We appreciate all the support (especially from those swaying along at the back during the finale!) and hope you will all be along to see us at our next production in May 2013, when we will be presenting a triple bill of one act operas. We have a bit of Gilbert partnering Sullivan in the ever popular Trial by Jury, and even more of Sullivan partnering firstly Burnand and then Stephenson in Cox and Box and The Zoo. Both of these operettas are terrific fun and we guarantee that you will have a wonderful evening.
If you are unfamiliar with the works (although some of you will have experienced a breakneck 5 minute Trial in our G&S Sketch Show!) then here is a little bit about them:
Trial by Jury is a comic one act operetta by Gilbert and Sullivan which was first produced in 1875, shortly before The Zoo which we are also presenting in this Triple Bill. Although this was Gilbert and Sullivan's second collaboration (the first being Thespis), all the essentials we expect of a classic G&S farce are here - a parody of 'breach of promise of marriage', a Judge who has risen through the ranks by dubious means, an unfeeling Defendant and a fainting Bride. With music that sizzles along, Trial by Jury was a huge hit when it opened, where it ran for 131 performances at the Royalty Theatre. 138 years later it's still a much performed favourite.
Cox and Box, by Sullivan and Burnand, is our second one act comic opera and tells the increasingly surprising story of two men - one who works days and one who works nights - who are unwittingly renting the same room. Cox and Box was written 5 years before Sullivan’s first partnership with Gilbert for Thespis and premiered in 1866, becoming so popular it ran for 264 performances. Sullivan shows all the musical flare we expect from his later partnership with Gilbert, and Burnand delivers a wonderfully ridiculous story that never flags and delivers plenty of laughs.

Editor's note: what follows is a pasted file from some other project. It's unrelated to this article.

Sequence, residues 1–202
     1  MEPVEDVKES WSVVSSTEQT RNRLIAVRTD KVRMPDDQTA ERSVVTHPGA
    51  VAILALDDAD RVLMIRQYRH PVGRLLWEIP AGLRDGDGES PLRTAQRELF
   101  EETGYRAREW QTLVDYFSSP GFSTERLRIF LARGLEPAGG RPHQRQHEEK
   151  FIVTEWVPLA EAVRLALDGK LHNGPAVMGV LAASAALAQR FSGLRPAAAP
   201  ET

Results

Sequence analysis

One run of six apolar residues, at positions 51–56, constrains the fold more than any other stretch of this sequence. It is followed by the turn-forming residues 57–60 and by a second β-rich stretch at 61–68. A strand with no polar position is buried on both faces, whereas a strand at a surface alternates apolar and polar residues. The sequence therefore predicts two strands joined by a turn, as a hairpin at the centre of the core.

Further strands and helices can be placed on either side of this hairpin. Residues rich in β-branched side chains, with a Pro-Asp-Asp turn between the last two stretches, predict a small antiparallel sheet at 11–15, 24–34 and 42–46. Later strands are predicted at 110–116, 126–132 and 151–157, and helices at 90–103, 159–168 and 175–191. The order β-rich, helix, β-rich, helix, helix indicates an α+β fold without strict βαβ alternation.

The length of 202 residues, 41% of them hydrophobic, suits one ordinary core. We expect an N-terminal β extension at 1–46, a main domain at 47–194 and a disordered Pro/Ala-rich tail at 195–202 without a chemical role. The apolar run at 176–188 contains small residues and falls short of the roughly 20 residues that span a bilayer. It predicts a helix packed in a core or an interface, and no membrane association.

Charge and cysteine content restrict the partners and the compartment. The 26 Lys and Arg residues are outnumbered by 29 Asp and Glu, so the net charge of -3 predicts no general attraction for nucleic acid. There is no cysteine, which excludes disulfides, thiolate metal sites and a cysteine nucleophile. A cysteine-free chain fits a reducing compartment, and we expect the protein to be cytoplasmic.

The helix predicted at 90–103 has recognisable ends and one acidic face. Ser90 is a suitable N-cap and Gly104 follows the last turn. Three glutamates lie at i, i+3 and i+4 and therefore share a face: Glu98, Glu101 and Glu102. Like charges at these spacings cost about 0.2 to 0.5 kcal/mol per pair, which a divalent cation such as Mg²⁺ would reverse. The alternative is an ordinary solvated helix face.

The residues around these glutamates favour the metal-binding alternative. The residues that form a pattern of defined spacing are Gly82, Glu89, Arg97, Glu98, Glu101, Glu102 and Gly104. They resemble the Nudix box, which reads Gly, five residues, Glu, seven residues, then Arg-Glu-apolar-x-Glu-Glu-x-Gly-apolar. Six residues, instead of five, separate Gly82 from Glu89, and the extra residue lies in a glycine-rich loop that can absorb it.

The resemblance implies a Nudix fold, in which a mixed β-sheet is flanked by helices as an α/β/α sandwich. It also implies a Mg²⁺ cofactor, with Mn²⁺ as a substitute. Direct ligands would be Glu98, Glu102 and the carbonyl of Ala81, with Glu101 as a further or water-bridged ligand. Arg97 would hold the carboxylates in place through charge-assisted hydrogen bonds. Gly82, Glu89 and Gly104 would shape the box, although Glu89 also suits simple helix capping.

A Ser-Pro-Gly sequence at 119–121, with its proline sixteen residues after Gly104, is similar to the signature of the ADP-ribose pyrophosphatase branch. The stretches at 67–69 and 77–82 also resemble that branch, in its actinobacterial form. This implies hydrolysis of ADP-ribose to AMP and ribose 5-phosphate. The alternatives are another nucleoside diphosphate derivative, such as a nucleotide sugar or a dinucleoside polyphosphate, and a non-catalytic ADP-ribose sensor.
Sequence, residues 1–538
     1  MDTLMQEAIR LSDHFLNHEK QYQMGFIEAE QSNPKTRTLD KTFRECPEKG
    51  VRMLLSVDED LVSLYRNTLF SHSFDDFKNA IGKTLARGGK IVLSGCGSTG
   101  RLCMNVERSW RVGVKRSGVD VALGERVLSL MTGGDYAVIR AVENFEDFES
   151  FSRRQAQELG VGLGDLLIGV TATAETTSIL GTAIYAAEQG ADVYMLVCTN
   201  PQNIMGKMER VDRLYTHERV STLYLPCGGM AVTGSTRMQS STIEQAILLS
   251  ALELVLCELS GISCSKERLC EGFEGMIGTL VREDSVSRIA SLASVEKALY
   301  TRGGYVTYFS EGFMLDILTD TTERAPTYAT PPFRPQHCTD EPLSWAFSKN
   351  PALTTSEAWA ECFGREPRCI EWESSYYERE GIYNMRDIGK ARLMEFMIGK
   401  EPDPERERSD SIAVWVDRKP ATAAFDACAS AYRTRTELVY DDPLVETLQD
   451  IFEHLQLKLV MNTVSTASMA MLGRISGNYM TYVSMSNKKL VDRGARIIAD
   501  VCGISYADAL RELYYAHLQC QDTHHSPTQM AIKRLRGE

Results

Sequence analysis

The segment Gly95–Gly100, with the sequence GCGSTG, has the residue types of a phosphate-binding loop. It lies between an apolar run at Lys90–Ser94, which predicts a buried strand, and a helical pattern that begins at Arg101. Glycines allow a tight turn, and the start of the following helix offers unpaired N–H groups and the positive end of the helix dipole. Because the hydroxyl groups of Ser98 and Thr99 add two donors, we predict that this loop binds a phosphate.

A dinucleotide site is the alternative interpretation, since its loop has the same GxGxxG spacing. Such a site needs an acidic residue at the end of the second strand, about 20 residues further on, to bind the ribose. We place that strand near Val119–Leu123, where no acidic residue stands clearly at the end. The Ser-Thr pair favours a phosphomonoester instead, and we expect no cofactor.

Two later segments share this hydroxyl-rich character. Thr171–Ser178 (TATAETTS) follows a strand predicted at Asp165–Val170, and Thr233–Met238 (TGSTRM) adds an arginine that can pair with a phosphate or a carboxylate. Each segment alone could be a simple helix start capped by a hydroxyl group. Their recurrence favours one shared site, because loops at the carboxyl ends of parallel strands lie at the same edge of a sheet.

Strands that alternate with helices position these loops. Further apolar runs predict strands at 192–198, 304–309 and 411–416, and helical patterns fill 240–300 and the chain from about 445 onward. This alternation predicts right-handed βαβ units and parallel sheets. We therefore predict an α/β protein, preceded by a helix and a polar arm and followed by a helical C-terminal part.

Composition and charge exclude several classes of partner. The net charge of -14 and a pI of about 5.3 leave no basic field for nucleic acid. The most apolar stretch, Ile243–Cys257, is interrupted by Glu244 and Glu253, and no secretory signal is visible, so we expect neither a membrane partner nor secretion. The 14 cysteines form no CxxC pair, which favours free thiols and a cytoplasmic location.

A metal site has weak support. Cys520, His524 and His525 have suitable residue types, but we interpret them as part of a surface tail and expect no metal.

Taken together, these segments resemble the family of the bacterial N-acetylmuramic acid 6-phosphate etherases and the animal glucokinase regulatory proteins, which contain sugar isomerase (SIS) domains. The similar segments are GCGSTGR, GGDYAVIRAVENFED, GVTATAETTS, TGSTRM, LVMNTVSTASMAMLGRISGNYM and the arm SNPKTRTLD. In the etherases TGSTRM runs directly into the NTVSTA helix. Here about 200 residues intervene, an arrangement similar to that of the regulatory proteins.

The Zoo, by Sullivan and Stephenson, is a one act comic opera without dialogue set in London Zoo. Premièring in 1875 at the Haymarket Theatre, it had a five week run and two short revivals before vanishing from sight. Luckily for us and comic opera lovers everywhere, this gem of a piece was rediscovered by Dr Terence Reece, who bought the manuscript at an auction and arranged for it to be published. Its modern premiere was given by the Fulham Light Opera in 1971 and a recording by D'Oyly Carte Opera Company in 1978 ensured that this wonderfully funny work re-entered the canon. It has remained popular ever since. The Zoo is a farcical tale of two lovers - a nobleman who is wooing a seller of cakes and buns, and a young chemist who mistakenly believes he has accidentally poisoned his beloved. All kinds of confusion reign until finally all is resolved and the couples live happily ever after.
We look forward to seeing you all again in May!